"We have great faith that our state's leaders and legislators will, eventually, do the right thing for all Georgians," organizers wrote in a statement. "Legislation that hurts one of us, hurts us all."
The legislation would forbid state and local governments from “substantially burdening” a person’s exercise of religion unless a compelling government interest can be proved. Critics contend the bill would effectively permit business to discriminate against gays and lesbians. According to The Associated Press, the legislation was tabled Thursday in the Georgia House Judiciary Committee; the legislative session ends in three days.
In a statement, DragonCon President Pat Henry said, "Should this bill become law, we will seek written assurances from all of our business partners that they will not participate in any discriminatory behavior on the basis of race, color, religion, sexual orientation, gender identity or any other point of identification. We have no intention now or in the future of supporting a business partner that discriminates."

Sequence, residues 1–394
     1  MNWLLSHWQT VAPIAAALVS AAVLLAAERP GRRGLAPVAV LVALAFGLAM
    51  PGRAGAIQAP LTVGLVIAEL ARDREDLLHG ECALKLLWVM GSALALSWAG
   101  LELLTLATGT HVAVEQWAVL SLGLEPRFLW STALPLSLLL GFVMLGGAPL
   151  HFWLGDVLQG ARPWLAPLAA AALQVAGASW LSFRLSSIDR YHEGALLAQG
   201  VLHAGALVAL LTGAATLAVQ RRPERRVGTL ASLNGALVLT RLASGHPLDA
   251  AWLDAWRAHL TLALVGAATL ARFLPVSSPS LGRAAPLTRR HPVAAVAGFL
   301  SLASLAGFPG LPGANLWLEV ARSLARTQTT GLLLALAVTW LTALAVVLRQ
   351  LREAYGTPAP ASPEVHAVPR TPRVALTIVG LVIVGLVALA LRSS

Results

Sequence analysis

DragonCon, which attracts more than 50,000 attendees, is working with the Atlanta Convention and Visitors Bureau and the Georgia Hotel and Lodging Association to "make our opinion known to Georgia legislators."
Earlier in the week, the Georgia Association of Convention and Visitors Bureaus sent a letter to the House Judiciary Committee warning that the legislation could taint perception of the state and lead to a loss of hundreds of millions of dollars in convention revenues.
“As of today we know of at least $15 million in convention business that has stated that they will cancel their conventions should this bill pass," the group cautioned.
The signing of the Religious Freedom Restoration Act last week by Indiana Gov. Mike Pence triggered harsh criticism from across the country. Indianapolis-based gaming convention Gen Con announced that it's begun discussions about whether to remain in the state after its contract expires in 2020.